Finally, the authors verified whether the treatment of skin cells with the extract had actual effects on nuclear DNA protection. Such information can be obtained from the Comet assay, which measures the integrity level of nuclear DNA. Oxidative stress causes a fragmentation of the nuclei, which can be easily detected under the microscope after DNA staining.
Comet assay: Fibroblasts maintained in DMEM with 10% fetal calf serum under 5% CO2 at 37°C were plated at density of 1.5 x 105 per well in six-well plates. After 3 hr of incubation with the Rubus idaeus cell extract or other reagents, cells were treated with 150 μM H2O2 for 2.5 hr and detached from the plate using 1 mL/well of non-enzymatic detaching solutionk. Cells were transferred to Eppi-tubes, spun at 1.5k and washed once with phosphate buffer saline (PBS).
The cell pellet was resuspended in 10–20 mL of PBS depending upon the amount of cells recovered. Eighty mL of low melting point agarose (LPMA) 0.5% in PBS and equilibrated at 37°C was added to each tube, and the solution immediately dropped onto a normal melting agarose (NMA) pre-coated slide. Coverslip slides were placed on the top, without squeezing the cells, and the slides put on a tray in a refrigerator until the agarose layer hardened (10–15 min). Coverslips were then gently slid off without scraping the agarose layer containing the cells.
The slides were placed in cold Lysis solution for at least 2 hr at 4°C, then gently removed from the solution and placed in an electrophoresis tank filled with cold electrophoresis buffer; slides were left in alcaline buffer for 10 min to allow DNA unwinding and the expression of alkali-labile damage, then power supply was turned on to 24 volts. Slides were electrophoresed for 20 min and at the end placed in cold neutralization buffer for at least 10 min. After drying the slides, the cells were stained with a 10 ug/mL solution of ethidium bromide, covered with a coverslip and scored at a fluorescence microscope.
As shown in Figure 6, treatment with the extract clearly produced a protective effect on DNA from H2O2-induced damage. The comet tail length, an index of DNA fragmentation, was reduced by 56% in the cells pre-treated with the extract at 0.005% and this effect was even higher than that produced by resveratrol at 0.5%. This final effect observed on DNA protection was also the result of a series of events in the cells as activated by the compounds present in the extract.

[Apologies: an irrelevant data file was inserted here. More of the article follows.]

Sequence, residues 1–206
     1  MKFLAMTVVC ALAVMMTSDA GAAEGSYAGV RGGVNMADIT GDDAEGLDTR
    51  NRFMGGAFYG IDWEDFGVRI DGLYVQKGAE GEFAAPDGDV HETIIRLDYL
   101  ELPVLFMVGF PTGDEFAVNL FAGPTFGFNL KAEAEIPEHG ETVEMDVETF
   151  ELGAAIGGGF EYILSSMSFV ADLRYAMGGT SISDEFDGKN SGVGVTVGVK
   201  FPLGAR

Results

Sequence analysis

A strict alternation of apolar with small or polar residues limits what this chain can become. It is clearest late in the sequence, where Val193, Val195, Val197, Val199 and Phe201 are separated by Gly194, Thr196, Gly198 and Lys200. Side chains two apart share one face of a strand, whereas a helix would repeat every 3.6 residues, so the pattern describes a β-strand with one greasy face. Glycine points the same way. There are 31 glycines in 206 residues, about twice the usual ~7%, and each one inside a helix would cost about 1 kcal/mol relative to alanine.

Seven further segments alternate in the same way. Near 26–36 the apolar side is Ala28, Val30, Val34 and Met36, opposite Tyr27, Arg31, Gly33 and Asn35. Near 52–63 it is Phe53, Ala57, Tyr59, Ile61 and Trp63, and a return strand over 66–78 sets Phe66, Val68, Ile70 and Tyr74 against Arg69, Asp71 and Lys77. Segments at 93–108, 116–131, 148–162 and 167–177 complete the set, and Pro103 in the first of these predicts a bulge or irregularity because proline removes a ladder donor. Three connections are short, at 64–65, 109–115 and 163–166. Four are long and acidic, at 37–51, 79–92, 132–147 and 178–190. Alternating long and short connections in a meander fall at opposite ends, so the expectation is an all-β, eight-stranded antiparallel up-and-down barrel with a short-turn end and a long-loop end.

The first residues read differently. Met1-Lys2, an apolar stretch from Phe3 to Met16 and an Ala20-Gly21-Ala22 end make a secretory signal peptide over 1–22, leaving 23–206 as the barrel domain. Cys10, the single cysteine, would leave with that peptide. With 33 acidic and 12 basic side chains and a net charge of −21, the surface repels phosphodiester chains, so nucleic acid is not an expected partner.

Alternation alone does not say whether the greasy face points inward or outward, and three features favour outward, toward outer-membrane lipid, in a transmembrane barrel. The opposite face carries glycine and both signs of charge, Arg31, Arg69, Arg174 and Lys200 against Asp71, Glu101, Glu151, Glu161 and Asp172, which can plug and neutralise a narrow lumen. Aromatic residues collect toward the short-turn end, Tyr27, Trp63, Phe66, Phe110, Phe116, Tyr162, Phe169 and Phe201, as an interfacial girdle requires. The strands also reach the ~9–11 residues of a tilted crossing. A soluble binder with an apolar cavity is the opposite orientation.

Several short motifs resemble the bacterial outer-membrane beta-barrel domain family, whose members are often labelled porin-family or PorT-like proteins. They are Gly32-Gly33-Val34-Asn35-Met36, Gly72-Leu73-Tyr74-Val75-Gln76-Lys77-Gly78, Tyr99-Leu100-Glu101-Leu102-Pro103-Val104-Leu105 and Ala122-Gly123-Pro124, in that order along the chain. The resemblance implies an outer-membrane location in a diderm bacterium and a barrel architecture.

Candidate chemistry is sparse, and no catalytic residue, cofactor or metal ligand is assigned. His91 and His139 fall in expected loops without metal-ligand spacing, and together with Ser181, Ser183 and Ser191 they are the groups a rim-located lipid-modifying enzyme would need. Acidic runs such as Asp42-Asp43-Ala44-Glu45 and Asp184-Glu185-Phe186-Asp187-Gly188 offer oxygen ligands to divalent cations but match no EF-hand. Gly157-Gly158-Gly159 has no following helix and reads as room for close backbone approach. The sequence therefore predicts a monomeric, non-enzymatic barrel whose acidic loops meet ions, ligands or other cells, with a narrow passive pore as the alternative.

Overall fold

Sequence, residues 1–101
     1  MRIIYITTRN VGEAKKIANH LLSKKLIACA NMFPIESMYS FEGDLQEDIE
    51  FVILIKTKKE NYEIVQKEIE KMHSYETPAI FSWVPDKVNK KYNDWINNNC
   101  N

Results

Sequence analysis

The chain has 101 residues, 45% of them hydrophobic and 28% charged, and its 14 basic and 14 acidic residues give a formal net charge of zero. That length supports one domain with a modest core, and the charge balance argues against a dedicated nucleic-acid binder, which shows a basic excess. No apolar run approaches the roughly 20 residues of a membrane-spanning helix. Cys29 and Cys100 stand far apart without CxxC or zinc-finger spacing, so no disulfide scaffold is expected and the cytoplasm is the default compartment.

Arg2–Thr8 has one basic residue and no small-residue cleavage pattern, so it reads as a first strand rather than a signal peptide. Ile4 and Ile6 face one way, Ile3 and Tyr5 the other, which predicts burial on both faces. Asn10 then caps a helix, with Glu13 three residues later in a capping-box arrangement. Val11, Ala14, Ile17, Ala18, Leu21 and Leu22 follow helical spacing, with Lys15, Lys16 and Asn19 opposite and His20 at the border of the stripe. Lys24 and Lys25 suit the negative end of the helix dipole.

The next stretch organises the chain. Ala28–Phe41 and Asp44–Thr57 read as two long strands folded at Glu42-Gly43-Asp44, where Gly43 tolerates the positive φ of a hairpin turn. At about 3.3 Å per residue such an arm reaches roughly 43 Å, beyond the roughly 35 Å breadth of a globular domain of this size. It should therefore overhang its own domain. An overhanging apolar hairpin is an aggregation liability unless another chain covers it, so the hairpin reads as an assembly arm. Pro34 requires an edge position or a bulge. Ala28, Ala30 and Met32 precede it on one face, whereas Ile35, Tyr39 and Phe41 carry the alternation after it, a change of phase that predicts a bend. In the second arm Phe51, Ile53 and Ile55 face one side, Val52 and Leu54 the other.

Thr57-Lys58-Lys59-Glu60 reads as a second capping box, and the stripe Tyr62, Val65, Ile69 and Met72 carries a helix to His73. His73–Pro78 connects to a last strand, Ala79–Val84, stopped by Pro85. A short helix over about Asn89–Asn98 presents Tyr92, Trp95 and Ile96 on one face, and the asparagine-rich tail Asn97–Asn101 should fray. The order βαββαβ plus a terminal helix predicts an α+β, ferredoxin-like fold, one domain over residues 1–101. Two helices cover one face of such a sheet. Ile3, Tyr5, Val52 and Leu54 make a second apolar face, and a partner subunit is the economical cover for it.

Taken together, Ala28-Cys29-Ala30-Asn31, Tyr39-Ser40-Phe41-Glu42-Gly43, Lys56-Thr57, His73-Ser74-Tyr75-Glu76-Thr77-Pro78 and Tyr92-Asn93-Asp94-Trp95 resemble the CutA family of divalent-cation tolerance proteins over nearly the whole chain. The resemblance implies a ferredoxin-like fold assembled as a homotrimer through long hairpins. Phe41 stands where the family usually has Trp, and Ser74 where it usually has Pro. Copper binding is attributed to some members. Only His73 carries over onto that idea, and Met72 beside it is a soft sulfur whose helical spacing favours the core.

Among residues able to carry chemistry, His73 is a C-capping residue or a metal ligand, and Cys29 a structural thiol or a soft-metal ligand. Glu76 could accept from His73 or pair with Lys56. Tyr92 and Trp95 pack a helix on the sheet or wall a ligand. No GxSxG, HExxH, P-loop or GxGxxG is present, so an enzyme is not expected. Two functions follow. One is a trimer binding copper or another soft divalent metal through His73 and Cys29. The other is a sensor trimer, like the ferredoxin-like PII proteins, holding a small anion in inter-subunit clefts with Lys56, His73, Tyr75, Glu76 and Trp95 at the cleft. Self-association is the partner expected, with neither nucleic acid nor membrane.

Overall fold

Since the described Rubus idaeus extract is composed of hydrosoluble material, it is fully soluble in aqueous medium, glycerin and ethanol. Also, as established by laboratory tests, the Rubus stem cell extract is stable at pH values ranging from 4.0 to 8.0 (data not shown) and can be added to a preparation either during the cooling phase or at the end of the formulation, as it withstands temperatures of up to 70°C. Due to its hydrophilic nature, the material is difficult to incorporate into very hydrophobic systems, such as lipogels, synthetic oils and silicones; however, it can be easily incorporated in polar or weakly polar solvents, which represent the majority of ingredients used in cosmetic formulations (Table 1).
In the described study, the authors discuss the development of a stem cell extract derived from Rubus idaeus cell cultures grown in liquid medium under controlled conditions. The hydrosoluble cell extract was shown to exhibit anti-inflammatory activity, mainly due to the presence of high levels of flavonoids and anthocyanins. In addition, the extract provided high antioxidant power due to the presence of natural phenolic components and induced the genes responsible for DNA protection and repair—more so than resveratrol. This stem cell culture extract could find interesting applications in skin care to promote healthy skin; for example, as shown in Formula 1 and Formula 2.